This is useful for anyone researching Norwegian culture, customs, manners, etiquette, values and wanting to understand the people better. You may be going to Norway on business, for a visit or even hosting Norwegian colleagues or clients in your own country.
Remember this is only a very basic level introduction and is not meant to stereotype all Norwegians you may meet! Facts and Statistics Location: Norwegian, Sami 20, Religions: Norwegian has 2 written forms, "Bokmal" Book Norwegian and "Nynorsk" New Norwegian and they enjoy the same legal recognition, although "Bokmal" is increasingly more common. Minority languages include Finnish, spoken by 0. Marriage is not a prerequisite to starting a family. Many couples live together without legalizing the arrangement with marriage.
Therefore, it is best not to make presumptions about people's marital status. Women Women are highly respected in business and generally receive equal pay and have access to senior positions. Norwegian women expect to be treated with respect in the office. Business women are direct and can be skilled negotiators. If a woman decides to stay home with pre-school children she receives a monthly stipend from the government. Jante's Law teaches people to be modest and not 'think big'.
It is demonstrated in most people's refusal to criticize others. Norwegians try to see all people as being on equal footing.
They do not flaunt their wealth or financial achievements and look askance at those who do. The tenets of Jante Law are: You shall not think you are special. You shall not believe you are smarter than others. You shall not believe you are wiser than others.
You shall not behave as if you are better than others. You shall not believe that you know more than others. You shall not believe that you can fix things better than others. You shall not laugh at others. You shall not believe that others care about you. You shall not believe that you can teach others anything. Egalitarianism Norwegians view themselves as egalitarian people whose culture is based on democratic principles of respect and interdependence.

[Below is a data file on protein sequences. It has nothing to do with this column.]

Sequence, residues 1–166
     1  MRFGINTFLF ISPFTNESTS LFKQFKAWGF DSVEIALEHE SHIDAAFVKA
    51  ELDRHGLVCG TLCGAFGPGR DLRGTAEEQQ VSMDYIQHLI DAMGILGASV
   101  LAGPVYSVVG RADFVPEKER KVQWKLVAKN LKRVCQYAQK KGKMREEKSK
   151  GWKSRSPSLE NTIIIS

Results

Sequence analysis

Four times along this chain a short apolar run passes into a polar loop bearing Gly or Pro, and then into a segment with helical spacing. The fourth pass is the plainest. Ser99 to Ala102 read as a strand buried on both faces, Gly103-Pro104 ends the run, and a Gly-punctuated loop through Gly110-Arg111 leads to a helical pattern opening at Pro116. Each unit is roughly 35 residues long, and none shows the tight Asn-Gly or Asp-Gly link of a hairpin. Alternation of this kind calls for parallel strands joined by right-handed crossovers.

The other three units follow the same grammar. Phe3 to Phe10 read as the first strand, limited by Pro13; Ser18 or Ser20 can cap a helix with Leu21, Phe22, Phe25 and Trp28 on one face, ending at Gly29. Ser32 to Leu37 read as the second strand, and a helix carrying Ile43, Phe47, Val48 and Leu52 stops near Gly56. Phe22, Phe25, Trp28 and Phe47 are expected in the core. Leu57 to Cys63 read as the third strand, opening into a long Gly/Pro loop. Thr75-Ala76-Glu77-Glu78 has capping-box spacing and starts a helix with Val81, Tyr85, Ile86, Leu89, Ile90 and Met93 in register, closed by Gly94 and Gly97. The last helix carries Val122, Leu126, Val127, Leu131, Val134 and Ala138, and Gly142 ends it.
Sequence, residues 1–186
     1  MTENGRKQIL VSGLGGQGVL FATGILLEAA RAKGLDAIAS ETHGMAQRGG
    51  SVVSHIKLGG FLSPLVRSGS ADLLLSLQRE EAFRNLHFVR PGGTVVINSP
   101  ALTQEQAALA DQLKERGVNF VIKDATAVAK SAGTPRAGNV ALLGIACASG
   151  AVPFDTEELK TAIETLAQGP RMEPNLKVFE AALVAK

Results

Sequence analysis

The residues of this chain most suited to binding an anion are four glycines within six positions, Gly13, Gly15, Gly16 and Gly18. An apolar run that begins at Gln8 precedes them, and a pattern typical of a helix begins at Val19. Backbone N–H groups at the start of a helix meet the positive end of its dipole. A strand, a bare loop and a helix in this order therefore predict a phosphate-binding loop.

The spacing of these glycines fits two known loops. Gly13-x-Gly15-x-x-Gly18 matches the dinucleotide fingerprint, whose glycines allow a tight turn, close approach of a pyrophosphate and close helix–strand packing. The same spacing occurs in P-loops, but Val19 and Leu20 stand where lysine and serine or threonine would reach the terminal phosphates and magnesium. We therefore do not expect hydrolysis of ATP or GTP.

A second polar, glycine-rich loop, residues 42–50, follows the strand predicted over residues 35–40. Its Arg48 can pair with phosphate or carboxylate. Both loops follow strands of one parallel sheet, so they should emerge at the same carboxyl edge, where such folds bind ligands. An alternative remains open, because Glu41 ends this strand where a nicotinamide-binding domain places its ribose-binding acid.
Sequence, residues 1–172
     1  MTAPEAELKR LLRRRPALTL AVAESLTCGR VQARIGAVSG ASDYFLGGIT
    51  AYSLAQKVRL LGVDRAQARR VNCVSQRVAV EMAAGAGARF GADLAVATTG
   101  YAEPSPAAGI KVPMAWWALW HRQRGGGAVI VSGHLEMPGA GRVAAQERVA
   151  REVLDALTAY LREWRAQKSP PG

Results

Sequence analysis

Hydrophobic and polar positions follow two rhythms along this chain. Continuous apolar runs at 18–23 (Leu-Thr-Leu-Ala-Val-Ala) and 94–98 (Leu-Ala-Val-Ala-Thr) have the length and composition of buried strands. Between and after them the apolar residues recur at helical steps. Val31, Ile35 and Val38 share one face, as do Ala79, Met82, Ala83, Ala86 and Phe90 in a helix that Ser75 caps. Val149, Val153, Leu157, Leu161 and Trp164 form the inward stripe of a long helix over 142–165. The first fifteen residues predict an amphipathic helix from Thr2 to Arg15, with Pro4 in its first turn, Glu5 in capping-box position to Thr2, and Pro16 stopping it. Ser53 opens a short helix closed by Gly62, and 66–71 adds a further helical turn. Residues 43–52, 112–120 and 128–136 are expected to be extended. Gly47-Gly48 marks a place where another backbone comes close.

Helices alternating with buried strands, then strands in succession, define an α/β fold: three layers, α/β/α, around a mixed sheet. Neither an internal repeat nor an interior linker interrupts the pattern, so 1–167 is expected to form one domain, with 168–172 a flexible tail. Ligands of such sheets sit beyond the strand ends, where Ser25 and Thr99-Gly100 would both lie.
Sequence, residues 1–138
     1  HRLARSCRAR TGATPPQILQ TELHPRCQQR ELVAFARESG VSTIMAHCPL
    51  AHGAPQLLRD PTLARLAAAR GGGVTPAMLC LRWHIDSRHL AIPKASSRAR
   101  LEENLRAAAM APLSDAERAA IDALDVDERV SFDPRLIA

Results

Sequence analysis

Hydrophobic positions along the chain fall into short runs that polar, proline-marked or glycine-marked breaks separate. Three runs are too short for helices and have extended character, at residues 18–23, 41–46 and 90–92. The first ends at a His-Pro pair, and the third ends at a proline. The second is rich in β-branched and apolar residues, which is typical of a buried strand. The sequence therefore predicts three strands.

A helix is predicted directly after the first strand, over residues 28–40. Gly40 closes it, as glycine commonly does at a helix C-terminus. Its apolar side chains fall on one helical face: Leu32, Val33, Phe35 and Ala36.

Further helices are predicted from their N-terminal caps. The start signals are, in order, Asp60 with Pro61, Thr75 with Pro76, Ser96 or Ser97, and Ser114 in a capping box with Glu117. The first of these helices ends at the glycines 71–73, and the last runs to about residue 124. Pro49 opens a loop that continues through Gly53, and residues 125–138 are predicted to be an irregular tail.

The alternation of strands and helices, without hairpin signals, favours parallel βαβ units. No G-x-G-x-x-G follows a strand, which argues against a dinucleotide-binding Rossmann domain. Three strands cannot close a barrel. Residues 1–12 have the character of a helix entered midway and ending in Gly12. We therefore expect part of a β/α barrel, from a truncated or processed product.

They like people for themselves and not for what they do for a living their professional accomplishments or how much money they earn. They have simple tastes and are not prone to ostentation or excessive showiness. They pride themselves on being honest and sincere in their personal relationships. Norwegians are egalitarian and casual; they often introduce themselves with their first name only. In some circumstances people may use the honorific title "Herr" Mr. You can wait to be invited before moving to first names although most people will start with this.
Shake hands and say good-bye individually when arriving or departing. Shake hands with people on a first come first served basis. Gift Giving Etiquette If invited to a Norwegian's home, bring flowers, chocolates, pastries, wine, or imported spirits to the hostess.
Flowers may be sent the morning of a dinner party so they may be displayed that evening. Do not give carnations, lilies or white flowers as they are used at funerals. Do not give wreaths, even at Christmas. Do not give even numbers of flowers. A houseplant is well received in the winter months. A bouquet of freshly picked wildflowers is always appreciated. Gifts are opened when received.
Dining Etiquette Invitations are generally given verbally. Norwegians are punctual in both business and social situations. Confirm the dress code with your hosts. Offer to help the hostess with the preparation or clearing up after a meal is served.
Do not discuss business. Norwegians separate their business and personal lives. Table manners are more formal than one might expect of a culture that is informal and egalitarian. Hold the fork in the left hand and the knife in the right while eating. Do not begin eating until the hostess starts. Most food, including sandwiches, is eaten with utensils. When you have finished eating, place your knife and fork across your plate with the prongs facing down and the handles facing to the right. The male guest of honour, generally seated to the left of the hostess, thanks the hostess on behalf of the other guests with the phrase "takk for maten" thanks for the meal.
The host makes a small speech and offers the first toast. Women may offer toasts. Toasts are made with alcoholic beverages, but not beer. When someone is being toasted, raise your glass, look at the person, take a sip, look at the person again, and then return the glass to the table. Women must put down their glasses first after a toast.